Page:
When I meet 70% of the requirements I may still apply.

If I do, I am very clear about my strengths and weaknesses in my cover letter. I want to be transparent and sincere. But I still do apply. I am not afraid to do so.

The reason I am sincere is to save them and myself from wasting our time. I help them with their filtering process. If they are looking for someone that matches all requirements, they should not waste time on me.

2. When the job post is clearly bad

I steer clear of companies that fall into the trap and don’t have other signs of a healthy culture otherwise.

Especially when they make mistakes. Like asking for a 12 year experience in Kubernetes. Or a 20 year experience in Java when the role is for a junior developer.

What can companies do?

How can you improve your job posts? Here are three ways.

1. Think about what matters

Before listing a dozen of different technologies… think. What does matter for real? What are 3 requirements and 4 nice-to-haves?

What are some skills outside of the technologies? Are you looking for experience with remote work? Do you want the programmer to be good in written communication?

Be very clear and succinct.

Nobody wants to read an essay.

Keep your paragraphs short.

You see what I did there?

2. Be sincere

You can be sincere about the situation with your technology stack. Yes, you may have mixed technologies. Yet, if you have a core one, name it.

Mention that the rest are nice-to-know. You may have even started normalizing things. You may want to hire someone that can help do that. Rewrite some parts into your core technology if that makes sense.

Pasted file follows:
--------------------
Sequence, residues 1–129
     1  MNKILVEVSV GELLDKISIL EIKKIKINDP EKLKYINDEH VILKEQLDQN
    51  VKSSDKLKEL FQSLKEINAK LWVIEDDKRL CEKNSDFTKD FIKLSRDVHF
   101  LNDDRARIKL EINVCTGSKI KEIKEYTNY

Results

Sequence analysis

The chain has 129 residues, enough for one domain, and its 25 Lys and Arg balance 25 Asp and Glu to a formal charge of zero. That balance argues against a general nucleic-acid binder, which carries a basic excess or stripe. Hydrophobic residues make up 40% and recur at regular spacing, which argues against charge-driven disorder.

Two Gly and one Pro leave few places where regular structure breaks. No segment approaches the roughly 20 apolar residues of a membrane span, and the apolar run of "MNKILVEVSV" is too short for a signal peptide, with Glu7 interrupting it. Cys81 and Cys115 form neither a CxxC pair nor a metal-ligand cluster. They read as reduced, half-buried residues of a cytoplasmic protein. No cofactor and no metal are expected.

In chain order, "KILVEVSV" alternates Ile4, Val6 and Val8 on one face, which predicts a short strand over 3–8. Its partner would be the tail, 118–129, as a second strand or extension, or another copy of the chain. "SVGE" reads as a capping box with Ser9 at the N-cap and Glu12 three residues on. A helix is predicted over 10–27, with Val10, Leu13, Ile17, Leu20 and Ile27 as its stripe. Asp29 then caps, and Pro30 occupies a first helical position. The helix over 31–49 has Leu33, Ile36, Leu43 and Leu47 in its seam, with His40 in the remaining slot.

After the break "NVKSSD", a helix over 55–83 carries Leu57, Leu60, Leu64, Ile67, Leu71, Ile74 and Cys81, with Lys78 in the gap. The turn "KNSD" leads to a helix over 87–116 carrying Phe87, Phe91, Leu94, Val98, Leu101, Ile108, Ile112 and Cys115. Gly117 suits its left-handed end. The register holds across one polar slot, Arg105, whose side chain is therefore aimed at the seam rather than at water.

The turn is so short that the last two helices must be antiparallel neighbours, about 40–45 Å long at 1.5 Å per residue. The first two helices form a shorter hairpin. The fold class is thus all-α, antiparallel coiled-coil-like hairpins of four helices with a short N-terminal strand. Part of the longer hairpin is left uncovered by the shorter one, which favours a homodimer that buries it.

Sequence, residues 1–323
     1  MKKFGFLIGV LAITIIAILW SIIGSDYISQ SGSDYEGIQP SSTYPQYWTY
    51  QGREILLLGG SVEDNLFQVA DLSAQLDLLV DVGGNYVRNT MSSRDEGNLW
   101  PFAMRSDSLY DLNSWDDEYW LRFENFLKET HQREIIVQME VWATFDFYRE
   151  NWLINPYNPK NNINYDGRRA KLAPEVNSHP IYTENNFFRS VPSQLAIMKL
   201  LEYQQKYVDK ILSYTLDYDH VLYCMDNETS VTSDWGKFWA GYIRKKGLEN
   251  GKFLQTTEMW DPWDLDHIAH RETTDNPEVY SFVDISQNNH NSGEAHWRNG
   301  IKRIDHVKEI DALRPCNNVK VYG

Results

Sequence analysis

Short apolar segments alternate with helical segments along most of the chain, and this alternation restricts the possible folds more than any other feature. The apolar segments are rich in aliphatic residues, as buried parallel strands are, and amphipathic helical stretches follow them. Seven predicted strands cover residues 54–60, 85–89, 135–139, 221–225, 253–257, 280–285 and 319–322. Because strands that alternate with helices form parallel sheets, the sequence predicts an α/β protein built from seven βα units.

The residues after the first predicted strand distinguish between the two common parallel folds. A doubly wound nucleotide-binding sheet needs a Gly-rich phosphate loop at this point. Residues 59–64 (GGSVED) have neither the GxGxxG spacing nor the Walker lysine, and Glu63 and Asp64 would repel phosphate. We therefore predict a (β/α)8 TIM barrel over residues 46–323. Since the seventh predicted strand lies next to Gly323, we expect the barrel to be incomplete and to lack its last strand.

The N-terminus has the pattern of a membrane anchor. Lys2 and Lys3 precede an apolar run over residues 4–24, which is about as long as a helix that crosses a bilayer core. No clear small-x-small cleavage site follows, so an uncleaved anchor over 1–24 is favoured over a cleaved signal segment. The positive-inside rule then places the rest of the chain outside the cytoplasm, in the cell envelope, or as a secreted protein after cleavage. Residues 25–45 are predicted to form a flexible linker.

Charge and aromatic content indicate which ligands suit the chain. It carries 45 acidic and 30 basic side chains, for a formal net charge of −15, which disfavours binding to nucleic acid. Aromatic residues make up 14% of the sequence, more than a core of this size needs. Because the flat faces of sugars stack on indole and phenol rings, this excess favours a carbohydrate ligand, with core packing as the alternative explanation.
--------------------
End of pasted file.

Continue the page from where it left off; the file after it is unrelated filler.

I know that’s a no-no usually. If you want to save yourself from hiring three people, though, a rewrite may not be such a bad idea.

3. Don’t use number of years

To be honest, that’s a bit difficult to do with programming? How does one communicate “Great at writing Java”? Is it 6 years of experience writing Java? Are you confident that 6 years of writing Java full time makes you a great programmer?

What if you have been a C developer for 10 years, and you have recently started writing Java? Could you be great in Java?

There is a way to approach this. You can establish some kind of a scale with ranges. Then you can mention those ranges instead of plain number of years.

Something like:

  • Expert: 5-10 years of programming, 2-5 years in Java
  • Medium: 3-5 years of programming in any language, 2 years in Java
  • Junior: 1-2 years of programming in any language

(Disclaimer, this is just an example, haven’t really thought about the numbers)

Then list a few other traits such as:

  • You know how clean code looks like
  • You know why verbose code is often better
  • You have great written communication skills
  • You know how to do a good code review


Writing great job posts is not an easy job. Many companies merge two or more roles into one. That creates unrealistic expectations. Developers learn to exaggerate their qualifications and experience. Everyone ends up in a vicious cycle.

Folks can break out of that cycle by reducing the number of must have requirements they list. Developers can apply anyway but be very clear about their strengths and weaknesses.

Developers can help simplify and optimize a company’s technology stack. When they go they leave the company in a better state than how it was when they joined.

What are you up to Petros?

Staying calm. Indie 2D retro style game dev wannabe. Check what I am doing now.